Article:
The Curve of a YETI Cooler

The brothers who invented YETI coolers came from a fishing guide and entrepreneurial family. With a father as a fishing guide, they spent plenty of time out on water and in the heat. If “necessity is the mother of invention,” then these are the brothers of invention. We had a chance to sit down and discuss YETI coolers with their head of marketing, Corey Maynard, and talk about how the brothers of invention and three gaps made for a new curve on coolers.

If you haven’t heard of YETI, here are their sales growth numbers just to put the brand in perspective. The YETI brand growth curve is in a word, exponential.

$5 Million, 2009
$29 Million, 2011
$147 Million, 2014
$450 Million, 2015

These brothers found three gaps in a commoditized industry: first, a cooler that could handle the harsh environment of a fishing guide boat while protecting the ice in the heat. Second, a distribution channel of hardware stores, farm and ranch stores that had been left out of the cooler business. Last, a reason for why a high quality cooler should matter to the average Joe. There was a need for a cooler that was truly "built for the wild".

These three legs of the stool set YETI up for a juggernaut of growth over the last five years. Although they began this journey ten years ago, the five-year curve catches the most attention.

This brand is built on the back of influencer marketing: not advertising, direct marketing, digital marketing or mass retail distribution. This is a brand built in what some would call the “down market” retail of farm, ranch and hardware stores. YETI coolers are inserted into shopper’s collective memories via conversations, interactions on fishing expeditions and use by an elite set of celebrities.

So, let’s look at the brand from some of our models in the Physics of Brand to see why YETI found the exponential curve.

YETI in Time

Fishing guides take enthusiasts out on fishing trips for extended period of time. Sometimes for a week. YETI focused first on selling their superior coolers to fishing guides. The guide stores beverages in a YETI and often the big white structure becomes a pedestal where the trophy fish are stored. The cooler has symbolic importance within the ritual of fishing. The accomplishment of catching and cooling a fish are where memories are made for the enthusiasts who look up to the guides and their gear. These moments accumulated at an accelerating rate as more guides use a YETI. More guides lead to more memorable moments, as well as a larger mass of time fishing enthusiasts had with the YETI.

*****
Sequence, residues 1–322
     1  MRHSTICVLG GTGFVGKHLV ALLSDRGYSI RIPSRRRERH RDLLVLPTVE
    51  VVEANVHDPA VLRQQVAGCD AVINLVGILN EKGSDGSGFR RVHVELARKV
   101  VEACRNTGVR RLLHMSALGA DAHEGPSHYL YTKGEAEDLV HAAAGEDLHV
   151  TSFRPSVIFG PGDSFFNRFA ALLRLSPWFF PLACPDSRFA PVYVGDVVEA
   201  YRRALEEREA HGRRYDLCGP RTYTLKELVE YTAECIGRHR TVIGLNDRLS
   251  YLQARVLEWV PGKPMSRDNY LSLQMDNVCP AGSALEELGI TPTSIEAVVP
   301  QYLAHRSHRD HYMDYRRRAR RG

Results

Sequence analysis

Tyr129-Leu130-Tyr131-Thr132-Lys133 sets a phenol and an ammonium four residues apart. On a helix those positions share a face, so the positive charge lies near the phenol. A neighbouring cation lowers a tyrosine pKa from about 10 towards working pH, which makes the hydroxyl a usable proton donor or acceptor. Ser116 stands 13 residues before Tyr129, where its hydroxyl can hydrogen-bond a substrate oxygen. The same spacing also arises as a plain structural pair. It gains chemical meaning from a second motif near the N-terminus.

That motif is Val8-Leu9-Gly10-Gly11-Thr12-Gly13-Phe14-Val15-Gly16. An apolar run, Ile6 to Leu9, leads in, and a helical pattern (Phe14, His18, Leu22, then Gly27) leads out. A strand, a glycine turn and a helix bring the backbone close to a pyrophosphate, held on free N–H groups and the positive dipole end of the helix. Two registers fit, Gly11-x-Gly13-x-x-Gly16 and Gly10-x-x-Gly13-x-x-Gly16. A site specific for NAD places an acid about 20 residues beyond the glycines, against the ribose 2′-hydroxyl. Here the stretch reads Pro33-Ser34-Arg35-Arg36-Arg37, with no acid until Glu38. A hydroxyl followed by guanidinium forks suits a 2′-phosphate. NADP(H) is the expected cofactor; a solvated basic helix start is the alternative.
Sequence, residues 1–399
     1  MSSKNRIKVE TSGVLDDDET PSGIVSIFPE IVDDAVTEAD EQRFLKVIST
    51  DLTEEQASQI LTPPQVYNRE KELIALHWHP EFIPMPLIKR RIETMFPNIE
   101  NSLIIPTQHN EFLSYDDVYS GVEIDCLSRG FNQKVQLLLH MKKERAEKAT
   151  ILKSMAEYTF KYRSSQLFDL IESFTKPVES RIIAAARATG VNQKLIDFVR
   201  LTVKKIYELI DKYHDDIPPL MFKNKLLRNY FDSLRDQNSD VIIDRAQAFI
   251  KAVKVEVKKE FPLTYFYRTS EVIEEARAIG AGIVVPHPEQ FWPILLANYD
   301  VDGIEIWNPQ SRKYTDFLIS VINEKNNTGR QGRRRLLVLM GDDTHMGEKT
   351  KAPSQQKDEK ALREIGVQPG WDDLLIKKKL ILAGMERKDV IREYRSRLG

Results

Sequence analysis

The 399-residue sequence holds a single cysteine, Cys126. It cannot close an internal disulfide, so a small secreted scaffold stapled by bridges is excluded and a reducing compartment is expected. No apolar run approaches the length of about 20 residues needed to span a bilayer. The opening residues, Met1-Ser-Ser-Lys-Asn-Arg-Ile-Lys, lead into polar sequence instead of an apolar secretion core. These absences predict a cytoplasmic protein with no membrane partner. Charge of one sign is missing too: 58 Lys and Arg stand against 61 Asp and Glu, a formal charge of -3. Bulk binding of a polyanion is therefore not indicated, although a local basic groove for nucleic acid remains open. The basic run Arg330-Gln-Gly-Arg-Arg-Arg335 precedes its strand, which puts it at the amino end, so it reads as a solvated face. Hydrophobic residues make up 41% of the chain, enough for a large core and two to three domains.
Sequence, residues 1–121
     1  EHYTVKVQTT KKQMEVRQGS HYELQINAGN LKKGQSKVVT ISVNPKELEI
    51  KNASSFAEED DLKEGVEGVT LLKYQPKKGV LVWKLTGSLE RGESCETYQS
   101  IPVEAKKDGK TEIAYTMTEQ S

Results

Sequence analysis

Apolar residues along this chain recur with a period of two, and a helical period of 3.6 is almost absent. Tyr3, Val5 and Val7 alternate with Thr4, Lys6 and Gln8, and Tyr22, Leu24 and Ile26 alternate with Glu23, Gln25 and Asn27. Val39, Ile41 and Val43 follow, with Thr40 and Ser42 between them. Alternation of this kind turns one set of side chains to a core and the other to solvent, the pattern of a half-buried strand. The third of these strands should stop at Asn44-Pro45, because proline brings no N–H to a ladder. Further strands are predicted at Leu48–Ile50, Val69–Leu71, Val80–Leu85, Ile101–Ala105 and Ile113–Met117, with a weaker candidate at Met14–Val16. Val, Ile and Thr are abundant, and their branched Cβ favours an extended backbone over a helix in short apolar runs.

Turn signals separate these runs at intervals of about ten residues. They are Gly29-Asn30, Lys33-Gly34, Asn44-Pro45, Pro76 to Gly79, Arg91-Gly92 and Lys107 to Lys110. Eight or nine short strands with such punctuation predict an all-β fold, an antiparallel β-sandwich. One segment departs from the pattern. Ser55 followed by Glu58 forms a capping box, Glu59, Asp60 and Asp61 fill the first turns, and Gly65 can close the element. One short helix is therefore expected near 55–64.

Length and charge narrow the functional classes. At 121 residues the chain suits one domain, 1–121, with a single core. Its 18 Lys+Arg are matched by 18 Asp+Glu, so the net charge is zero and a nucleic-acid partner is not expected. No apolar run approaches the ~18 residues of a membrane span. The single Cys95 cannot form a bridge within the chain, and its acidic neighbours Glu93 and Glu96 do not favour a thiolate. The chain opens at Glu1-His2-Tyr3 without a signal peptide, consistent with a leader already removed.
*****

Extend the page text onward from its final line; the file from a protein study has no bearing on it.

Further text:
Then, the marketing team moved into the competitive outdoor BBG category where the product has to endure hardcore cooking environments and again, enthusiasts see their favorite chefs using the product, leading to memorable moments. Market by market, YETI expanded into new categories using the heat source of highly precise celebrities. Moments were made, leading to an increasing velocity of time people spent with the YETI brand.

How Sensory Signals Turn Into Brand Value

Now, let’s put YETI through another of our models, Jacob’s ladder. The YETI cooler is heavy and feels durable to the touch. Any images seen in communications coming from the brand owners show the cooler in working (highly soiled) situations. It looks and feels durable. The taste of a cold beer coming out of a YETI after eight hours on the water is associated with the guide. The cooler is a hero protecting the beer and the fish. All five senses are engaged when a designed moment happens and a memory is embedded for the YETI brand. This superior memory is recalled the next time that individual pulls out the (commodity) cooler they’ve had for more than a decade.

YETI is recalled again when that same individual is walking through the local hardware store and sees a white wall of YETI coolers on display. Memories start to build rapidly, and as more conversations are had among guides and enthusiasts, energy for the brand builds and sales increase. Then, if the YETI corporation sets their margins right and finds the proper manufacturers and distribution channels to meet demand, profits show up and brand value is achieved.

Sometimes, brands appear as random success stories. A couple of guys got lucky, invented the right product at the right time, and struck gold. We’ve found there’s usually much more to a brand's origin and the YETI brand is no different. Like RedBull, Uber, Pokemon Go and many others, the YETI brand designed a memorable, engaging moment and then made it available to a short list of celebrities, guides and future advocates for the brand. These moments of engagement aggregated and the energy built upon itself at an ever increasing rate. YETI was built for fishers and met them where they are: out in the wild.

You can learn more about brands, and our models (Time, Space & Jacobs Ladder) in our book, The Physics of Brand. You can order it an Amazon here.

About The Author

Aaron Keller

I am an author, strategist, researcher, cyclist, reader and consummate entrepreneur. When an interesting idea crosses my path, I find any way we can bring it to life. Earning an MBA from the Carlson School and numerous valuable credits at the school of hard knocks, I’ll sit at a boardroom conversation with anyone. Want to talk business strategy, consumer behavior and design? Oh, it’s on.


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